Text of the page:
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Aphria (APHA.TO)(APHA) is talking up plans to buy an American household brand with no ties to cannabis. One analyst expects the company to strike a deal for a company it can pivot towards pot ahead of the presidential election in November.
Aphria was once among the most bullish Canadian licenced producers when it came to investing stateside. The Leamington, Ont.-based company turned its back on U.S. pot assets after agreeing to sell its stake in Liberty Health Sciences (LHS.CN)(LHSIF) in 2018. Its exit followed a warning from the owners of the Toronto Stock Exchange that companies directly invested in U.S. cannabis could face delisting from Canada’s two main exchanges, since the drug remains illegal under U.S. federal law.
Speaking last week at the Canaccord Genuity Global Growth Conference, chief financial officer Carl Merton spelled out how Aphria could return to the U.S. The plan calls for buying an established American consumer packaged goods firm totally unrelated to cannabis and CBD.
Merton said the business would need to be already profitable, have an established brand, and strong distribution.
“Anything that you would buy that has any level of cannabis in it, it’s going to cost you a premium. That’s just extra expense to your shareholders,” he said via video call.
“So you buy this business that doesn’t impact your primary business . . . other than positively. You slowly, slowly begin like a two year period, build out its cannabis capabilities while you are waiting for the rules to change. It’s very similar to the strategy we used in Germany with CC Pharma.”
Aphria completed its acquisition of CC Pharma in January 2019. The German pharmaceutical importer and distributor to thousands pharmacies extended Aphria’s reach in highly sought after European medical cannabis markets. The company said distribution through CC Pharma spurred strong medical cannabis growth in its latest quarter, generating more than $99 million in net revenue.
Aphria paid €18.92 million in cash to the former shareholders of CC Pharma, plus a performance-based earn-out multiple of up to €23.5 million.
“We bought an asset that wasn’t cannabis, didn’t pay a cannabis premium, and have built it now to leverage it for cannabis,” Merton said. “That’s where our focus has been, and it’s still there.”
Nikolaas Faes, an analyst with Bryan, Garnier & Co., expects Aphria will pull the trigger on a U.S. acquisition ahead of the Nov. 3 presidential election.
He said a Democratic win would set off an expansion cycle for U.S. multi-state operators that may also look to buy complementary non-cannabis businesses. It could also embolden other Canadian licenced producers who have shied away from U.S. assets due to political uncertainty. A win by the Republicans is less favourable for cannabis, he said, but it would show a clearer policy trajectory than the sector has today.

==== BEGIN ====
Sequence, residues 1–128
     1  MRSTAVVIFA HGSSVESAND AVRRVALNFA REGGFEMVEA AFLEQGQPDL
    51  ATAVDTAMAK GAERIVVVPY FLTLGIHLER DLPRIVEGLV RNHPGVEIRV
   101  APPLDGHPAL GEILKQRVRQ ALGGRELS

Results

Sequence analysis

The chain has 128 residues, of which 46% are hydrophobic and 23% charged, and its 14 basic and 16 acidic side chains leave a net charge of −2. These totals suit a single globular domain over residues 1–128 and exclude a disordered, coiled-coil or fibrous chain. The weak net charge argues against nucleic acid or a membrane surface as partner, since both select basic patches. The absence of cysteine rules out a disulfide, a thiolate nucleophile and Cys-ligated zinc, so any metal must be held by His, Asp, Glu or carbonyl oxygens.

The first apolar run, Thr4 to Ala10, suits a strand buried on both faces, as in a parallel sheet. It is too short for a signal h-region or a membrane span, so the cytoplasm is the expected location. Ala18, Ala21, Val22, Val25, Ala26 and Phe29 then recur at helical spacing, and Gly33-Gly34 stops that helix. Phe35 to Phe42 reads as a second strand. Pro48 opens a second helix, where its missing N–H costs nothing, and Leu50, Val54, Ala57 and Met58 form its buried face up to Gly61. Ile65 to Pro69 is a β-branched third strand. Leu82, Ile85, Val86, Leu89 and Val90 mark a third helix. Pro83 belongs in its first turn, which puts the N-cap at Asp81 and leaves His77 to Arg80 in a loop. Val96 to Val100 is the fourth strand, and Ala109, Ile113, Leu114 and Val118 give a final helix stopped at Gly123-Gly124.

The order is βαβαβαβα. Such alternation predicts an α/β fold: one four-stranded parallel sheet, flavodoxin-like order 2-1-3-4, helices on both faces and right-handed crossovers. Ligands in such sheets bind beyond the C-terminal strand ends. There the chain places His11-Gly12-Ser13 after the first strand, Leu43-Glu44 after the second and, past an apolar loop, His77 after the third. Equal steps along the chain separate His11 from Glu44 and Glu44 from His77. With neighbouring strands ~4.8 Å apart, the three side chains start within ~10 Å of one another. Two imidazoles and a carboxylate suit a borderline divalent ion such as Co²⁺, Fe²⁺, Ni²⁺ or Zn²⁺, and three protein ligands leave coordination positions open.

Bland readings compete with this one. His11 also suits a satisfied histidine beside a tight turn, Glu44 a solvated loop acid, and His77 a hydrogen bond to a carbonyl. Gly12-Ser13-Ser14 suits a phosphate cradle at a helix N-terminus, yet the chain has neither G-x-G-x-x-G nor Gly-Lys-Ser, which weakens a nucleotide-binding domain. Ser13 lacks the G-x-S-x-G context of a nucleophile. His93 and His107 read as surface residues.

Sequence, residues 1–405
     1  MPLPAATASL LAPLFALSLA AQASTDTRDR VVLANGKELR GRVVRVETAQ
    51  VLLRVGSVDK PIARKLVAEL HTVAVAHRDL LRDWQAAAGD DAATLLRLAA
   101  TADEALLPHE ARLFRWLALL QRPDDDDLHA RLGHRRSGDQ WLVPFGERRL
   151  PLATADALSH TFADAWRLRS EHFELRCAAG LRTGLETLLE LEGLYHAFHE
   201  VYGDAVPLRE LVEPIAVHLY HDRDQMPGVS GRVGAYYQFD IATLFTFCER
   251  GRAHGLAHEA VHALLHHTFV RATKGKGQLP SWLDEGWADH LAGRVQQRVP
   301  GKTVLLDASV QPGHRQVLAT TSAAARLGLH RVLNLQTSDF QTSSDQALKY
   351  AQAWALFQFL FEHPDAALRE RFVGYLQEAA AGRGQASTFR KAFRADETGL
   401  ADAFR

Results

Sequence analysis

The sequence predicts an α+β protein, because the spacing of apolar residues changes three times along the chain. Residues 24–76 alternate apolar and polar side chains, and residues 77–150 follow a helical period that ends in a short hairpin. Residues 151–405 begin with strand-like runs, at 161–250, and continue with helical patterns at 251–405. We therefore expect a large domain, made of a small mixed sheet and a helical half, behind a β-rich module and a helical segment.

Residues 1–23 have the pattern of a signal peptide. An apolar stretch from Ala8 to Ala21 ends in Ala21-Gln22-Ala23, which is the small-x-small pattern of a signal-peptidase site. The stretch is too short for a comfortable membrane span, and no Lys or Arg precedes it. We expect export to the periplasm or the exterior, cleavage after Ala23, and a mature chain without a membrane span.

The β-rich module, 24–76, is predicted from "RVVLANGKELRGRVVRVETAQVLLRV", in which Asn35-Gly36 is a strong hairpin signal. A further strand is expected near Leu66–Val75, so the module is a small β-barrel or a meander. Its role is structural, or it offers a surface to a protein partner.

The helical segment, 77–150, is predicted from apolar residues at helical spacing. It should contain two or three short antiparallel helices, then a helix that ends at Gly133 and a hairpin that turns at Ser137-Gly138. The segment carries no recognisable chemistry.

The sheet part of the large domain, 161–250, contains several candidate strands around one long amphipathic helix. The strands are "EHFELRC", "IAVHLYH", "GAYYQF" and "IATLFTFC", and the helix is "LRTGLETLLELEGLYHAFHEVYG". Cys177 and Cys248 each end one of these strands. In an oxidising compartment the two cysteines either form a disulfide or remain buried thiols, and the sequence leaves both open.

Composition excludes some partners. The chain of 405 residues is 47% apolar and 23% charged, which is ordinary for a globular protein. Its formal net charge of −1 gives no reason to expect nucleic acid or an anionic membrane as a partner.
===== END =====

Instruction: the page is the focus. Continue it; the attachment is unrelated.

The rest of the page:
“Ideally it would happen now,” Faes told Yahoo Finance Canada of a U.S. acquisition by Aphria. He expects the company will attempt to limit risk by betting on multiple brands, rather than buying a single consumer goods company. Aphria did not respond to questions about the timing and focus of a deal.
“It would be extremely dangerous for Aphria just to go for one big acquisition,” Feas said. “What if you pick the wrong household brand? What if consumers of the brand you are repositioning don’t like your idea of using it for cannabis.”
Aphria chief executive officer Irwin Simon will oversee that pick. For three decades prior to joining the pot producer he led New York-based Hain Celestial Group (HAIN), an organic and natural food company with products in over 70 countries and US$3 billion in annual sales. Hain’s universe of brands span shampoo, healthier alternatives to potato chips, and veggie burger-maker Yves.
Faes said he doubts Aphria would consider buying a brand from Hain, given the connection to Simon.
“That would be returning Aphria back to its bad boy image, which they have cleaned up,” he said, referring to a short-seller attack that led to a company review that found Aphria overpaid for foreign assets, and company directors had undisclosed conflicts related to the deals in 2018. Simon’s predecessor Vic Neufeld and Aphria co-founder Cole Cacciavillani left their formal roles at the company shortly after and no longer sit on the board.
Simon told analysts in late June that edibles, beverages and topicals are among the next cannabis 2.0 products the company expects to launch. Faes said cosmetics or pet health acquisitions are possible if Aphria chooses to look beyond food and drinks.
The company has become known for its strong balance sheet, ending its latest quarter with $497.2 million in cash and equivalents. Merton said Aphria plans to keep a portion for its “Canadian war chest,” and deploy up to $450 million for strategic initiatives, including international expansion, with the U.S. “being the most attractive today.”
However, he notes the “mix of COVID/recession going on right now” has shrunk the number of U.S. businesses for sale that meet the company’s criteria.
“It becomes a little bit smaller pool,” he said. “It’s still there.”
Once a deal is done, he expects Aphria will have ample time to retool the business before a full-fledged U.S. cannabis market emerges.
“There's been a number of inflection points in the U.S. where people have thought it was a signal that cannabis was coming quicker than it has actually come. Bottom line, cannabis isn’t coming for the next year-and-a-half to two years. We have to get through at a minimum an election, and then there needs to be time for those legislative rules to catch up to that decision,” Merton said.
“Our belief is that you need to play the long game in the U.S.”
Jeff Lagerquist is a senior reporter at Yahoo Finance Canada. Follow him on Twitter @jefflagerquist.